Petworth Emigration Project: Project looks into the families who left Sussex for Canada

The Petworth Emigration Project began as a collaborative case study between Canada and England.

It looked at the social history and genealogy of 19th century emigration to Upper Canada.

Leigh Lawson said: “Dr. Sheila Haines and I were the researchers in the UK for historian Wendy Cameron in Toronto who was writing a history of the Petworth Emigration Scheme.”

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The Petworth Emigration Scheme began in 1832 when the Petworth Emigration Commitee chartered ships each year from 1832 until 1837

Mark Mann emigrated from Wisborough Green in 1836 and married Sophia Rapley in 1841 in Canada. This photo shows their Golden Wedding celebration of Mark and his wife Sophia with their family in 1891. Courtesy Margaret Parsons

Reasearch for the project goes back to the 1970s but Leigh says it did not begin in earnest until 1990.

Leigh said: “For many years, Father Edward Jackman had been researching his ancestors, William and Sarah Jackman, who had emigrated to Upper Canada with five of their children from Goring, West Sussex in April 1836 assisted by the Petworth Emigration.”

In the mid 1980s Father Jackman visited England and went to West Sussex Record Office where he met archivist Alison McCann. She showed him a copy of a letter, written by William and Sarah Jackman to their eldest son in England, which was published in the Brighton Guardian in December 1836.

Father Jackman became interested in the lives of all the other emigrants and asked Wendy Cameron to write a history of the emigration scheme.

Photograph left to right, Alison McCann, Father Edward Jackman, Leigh Lawson.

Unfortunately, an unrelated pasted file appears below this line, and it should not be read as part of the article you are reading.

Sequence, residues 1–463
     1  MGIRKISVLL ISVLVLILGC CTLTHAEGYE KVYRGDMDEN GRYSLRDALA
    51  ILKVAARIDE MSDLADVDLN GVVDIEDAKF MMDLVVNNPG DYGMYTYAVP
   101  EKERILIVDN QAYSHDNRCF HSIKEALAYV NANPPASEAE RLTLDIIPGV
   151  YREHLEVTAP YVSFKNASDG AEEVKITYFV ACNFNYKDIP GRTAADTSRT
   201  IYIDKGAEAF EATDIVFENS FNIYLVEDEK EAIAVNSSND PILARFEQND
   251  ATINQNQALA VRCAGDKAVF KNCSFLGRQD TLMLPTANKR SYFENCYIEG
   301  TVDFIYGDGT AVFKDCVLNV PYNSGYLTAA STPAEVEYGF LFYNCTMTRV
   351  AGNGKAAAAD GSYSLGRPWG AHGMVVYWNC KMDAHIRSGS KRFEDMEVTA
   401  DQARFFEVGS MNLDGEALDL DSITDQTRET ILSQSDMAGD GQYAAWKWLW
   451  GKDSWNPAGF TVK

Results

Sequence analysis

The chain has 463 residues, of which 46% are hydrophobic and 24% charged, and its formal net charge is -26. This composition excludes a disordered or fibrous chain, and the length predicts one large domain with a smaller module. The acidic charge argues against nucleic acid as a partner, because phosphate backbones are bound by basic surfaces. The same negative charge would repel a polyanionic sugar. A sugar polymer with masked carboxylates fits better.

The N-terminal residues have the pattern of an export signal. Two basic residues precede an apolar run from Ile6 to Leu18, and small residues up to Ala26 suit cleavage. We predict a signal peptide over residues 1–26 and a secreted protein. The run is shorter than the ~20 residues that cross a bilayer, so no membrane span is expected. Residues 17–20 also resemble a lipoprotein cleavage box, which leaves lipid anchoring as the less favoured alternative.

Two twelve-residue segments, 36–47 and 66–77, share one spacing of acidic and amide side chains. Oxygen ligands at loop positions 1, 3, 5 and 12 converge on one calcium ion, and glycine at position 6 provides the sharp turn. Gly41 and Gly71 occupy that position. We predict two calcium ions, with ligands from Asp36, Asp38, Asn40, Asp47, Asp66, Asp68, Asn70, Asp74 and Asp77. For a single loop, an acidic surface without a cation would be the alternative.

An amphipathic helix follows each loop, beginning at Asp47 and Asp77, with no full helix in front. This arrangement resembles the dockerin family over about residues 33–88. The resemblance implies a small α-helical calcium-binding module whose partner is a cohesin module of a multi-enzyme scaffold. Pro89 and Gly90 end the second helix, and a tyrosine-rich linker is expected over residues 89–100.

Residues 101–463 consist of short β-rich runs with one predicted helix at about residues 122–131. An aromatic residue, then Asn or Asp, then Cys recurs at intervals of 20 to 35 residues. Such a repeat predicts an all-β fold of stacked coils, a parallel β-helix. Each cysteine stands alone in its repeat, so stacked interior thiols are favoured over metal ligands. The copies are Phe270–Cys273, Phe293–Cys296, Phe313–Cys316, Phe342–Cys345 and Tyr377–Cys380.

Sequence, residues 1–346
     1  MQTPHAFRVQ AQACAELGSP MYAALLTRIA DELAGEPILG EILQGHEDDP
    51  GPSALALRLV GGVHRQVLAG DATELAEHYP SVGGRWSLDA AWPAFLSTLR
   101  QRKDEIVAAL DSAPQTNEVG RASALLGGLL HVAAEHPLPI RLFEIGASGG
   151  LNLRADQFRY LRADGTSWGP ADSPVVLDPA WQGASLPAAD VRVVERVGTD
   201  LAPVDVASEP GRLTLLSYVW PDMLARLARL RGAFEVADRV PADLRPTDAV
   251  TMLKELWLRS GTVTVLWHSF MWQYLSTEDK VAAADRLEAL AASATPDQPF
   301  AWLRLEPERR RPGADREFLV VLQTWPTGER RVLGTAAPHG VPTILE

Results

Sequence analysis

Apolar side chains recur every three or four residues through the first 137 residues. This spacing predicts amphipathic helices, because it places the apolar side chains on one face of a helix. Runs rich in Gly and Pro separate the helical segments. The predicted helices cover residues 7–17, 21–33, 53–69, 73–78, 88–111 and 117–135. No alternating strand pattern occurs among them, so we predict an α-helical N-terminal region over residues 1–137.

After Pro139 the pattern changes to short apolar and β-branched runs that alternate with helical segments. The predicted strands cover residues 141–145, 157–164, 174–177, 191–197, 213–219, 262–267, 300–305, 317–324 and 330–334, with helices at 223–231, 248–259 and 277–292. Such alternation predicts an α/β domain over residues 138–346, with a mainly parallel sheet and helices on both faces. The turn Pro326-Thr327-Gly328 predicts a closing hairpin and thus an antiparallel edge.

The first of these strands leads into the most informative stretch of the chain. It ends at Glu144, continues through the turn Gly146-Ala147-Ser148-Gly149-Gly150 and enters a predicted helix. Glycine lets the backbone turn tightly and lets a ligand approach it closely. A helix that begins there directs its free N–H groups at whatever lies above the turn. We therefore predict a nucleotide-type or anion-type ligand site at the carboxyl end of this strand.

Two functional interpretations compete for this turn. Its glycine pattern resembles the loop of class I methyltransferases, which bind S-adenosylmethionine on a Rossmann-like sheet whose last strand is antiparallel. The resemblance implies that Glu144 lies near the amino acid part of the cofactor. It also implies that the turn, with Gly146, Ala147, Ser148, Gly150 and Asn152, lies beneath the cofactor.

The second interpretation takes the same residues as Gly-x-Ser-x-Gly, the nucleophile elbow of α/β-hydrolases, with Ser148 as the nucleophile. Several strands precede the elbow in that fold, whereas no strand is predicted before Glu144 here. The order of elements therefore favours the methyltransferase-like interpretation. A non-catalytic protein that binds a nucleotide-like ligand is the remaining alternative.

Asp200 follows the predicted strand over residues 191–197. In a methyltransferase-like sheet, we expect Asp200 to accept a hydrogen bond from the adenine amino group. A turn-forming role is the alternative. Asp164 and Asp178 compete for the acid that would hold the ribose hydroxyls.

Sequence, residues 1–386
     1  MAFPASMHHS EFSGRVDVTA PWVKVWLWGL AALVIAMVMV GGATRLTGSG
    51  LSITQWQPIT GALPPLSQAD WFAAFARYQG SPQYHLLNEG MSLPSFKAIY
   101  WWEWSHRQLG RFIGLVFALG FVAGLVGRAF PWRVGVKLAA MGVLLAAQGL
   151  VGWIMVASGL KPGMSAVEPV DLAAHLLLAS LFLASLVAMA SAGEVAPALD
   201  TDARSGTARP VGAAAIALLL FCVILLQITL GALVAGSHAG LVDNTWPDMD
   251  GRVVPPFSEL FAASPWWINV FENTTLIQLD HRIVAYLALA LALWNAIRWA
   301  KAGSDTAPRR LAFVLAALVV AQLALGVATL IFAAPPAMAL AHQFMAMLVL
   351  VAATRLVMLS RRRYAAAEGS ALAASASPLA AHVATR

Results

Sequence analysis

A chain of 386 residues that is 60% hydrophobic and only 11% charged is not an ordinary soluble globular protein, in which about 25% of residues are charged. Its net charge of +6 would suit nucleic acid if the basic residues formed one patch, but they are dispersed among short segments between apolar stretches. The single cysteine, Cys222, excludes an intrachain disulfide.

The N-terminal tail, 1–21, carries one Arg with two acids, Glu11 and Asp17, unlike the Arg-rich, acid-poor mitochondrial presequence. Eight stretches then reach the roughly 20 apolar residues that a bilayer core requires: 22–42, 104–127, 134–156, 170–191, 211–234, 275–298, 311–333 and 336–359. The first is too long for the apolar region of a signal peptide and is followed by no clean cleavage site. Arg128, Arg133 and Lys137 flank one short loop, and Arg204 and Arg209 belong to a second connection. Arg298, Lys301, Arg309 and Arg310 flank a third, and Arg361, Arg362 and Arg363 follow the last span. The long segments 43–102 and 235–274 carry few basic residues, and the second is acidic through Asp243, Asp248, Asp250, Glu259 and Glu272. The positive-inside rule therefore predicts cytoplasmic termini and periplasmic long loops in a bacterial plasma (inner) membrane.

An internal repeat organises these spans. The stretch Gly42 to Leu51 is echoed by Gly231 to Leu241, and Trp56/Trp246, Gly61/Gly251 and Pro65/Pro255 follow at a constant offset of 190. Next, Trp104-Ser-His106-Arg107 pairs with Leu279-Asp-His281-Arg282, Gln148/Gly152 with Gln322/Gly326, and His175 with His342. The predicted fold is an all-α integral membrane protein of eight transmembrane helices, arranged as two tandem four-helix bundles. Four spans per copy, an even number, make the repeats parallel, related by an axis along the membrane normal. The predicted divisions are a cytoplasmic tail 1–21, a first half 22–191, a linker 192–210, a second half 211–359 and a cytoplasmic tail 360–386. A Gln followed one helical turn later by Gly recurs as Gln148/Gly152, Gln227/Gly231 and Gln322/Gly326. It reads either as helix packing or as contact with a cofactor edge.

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Leigh said: “There were no official passenger lists, so in addition to Canadian sources, various sources in the UK such as Poor Law records, vestry minutes, parish registers, newspapers and letters written home by the emigrants themselves were used to identify over 1,500 of the 1,800 poor people who were assisted to emigrate by the Petworth Emigration Committee.”

80 per cent of the emigrants came from Sussex, with the poor from parishes in Hampshire, the Isle of Wight, Surrey and Cambridgeshire making up the remainder.

Emigration was largely seen as the answer to unemployment among the agricultural workers.

Leigh explained: “From the inception of the project, the research and subsequent publication of two books, Assisting Emigration to Upper Canada, the Petworth Project 1832-1837 and English Immigrant Voices, Labourer’s Letters from Upper Canada in the 1830s was funded by the late Father Edward Jackman and the Jackman Foundation of Toronto. The books were published in Canada in 2000.”

Due to publicity in the early 1990s in Canada the team were contacted by ancestors living over there who were able to provide additional information from family sources.

Leigh said: “We welcome new information on the emigrants themselves and on the second-generation. This can be emailed to us for possible inclusion on our website or group members can post on the Facebook group.

Leigh is the administrator of a Facebook group ‘Petworth Emigrants’ and managed the ‘Petworth Emigration Project’ page. She is the contact if anyone wishes to get in touch with the project team.

For more information visit www.petworthemigrations.com over the years they have added lists and indexes such as ‘Sending Parishes’ and ‘Ontario Burial Places’. They also share relevant new information sent by descendants on the ‘Shared Petworth Families’ section.